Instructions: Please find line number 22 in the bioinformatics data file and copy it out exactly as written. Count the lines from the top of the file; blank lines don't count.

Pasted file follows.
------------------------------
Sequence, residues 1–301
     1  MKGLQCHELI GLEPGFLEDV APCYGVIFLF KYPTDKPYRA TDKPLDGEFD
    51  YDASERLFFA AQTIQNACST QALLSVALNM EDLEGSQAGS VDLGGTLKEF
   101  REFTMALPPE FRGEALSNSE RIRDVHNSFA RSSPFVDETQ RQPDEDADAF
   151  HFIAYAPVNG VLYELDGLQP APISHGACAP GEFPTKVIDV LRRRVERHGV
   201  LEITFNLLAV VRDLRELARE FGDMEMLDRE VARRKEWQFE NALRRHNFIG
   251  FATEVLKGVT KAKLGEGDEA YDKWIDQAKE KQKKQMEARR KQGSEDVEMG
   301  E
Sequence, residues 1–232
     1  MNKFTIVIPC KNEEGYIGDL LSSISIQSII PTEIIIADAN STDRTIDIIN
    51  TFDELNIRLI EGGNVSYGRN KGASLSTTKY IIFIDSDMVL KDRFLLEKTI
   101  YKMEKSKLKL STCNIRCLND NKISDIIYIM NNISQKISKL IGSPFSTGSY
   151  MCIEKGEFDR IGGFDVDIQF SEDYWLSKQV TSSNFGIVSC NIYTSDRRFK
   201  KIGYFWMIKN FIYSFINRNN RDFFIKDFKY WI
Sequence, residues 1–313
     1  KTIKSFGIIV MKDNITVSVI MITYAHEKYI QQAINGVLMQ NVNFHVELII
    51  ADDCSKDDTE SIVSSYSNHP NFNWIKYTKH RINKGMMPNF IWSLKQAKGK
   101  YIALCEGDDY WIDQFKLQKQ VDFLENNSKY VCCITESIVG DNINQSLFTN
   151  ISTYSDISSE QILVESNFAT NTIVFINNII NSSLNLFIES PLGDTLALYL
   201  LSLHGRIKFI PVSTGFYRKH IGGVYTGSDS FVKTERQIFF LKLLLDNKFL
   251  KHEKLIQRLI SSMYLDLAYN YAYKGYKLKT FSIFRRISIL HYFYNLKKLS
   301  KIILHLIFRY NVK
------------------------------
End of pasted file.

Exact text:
   301  KIILHLIFRY NVK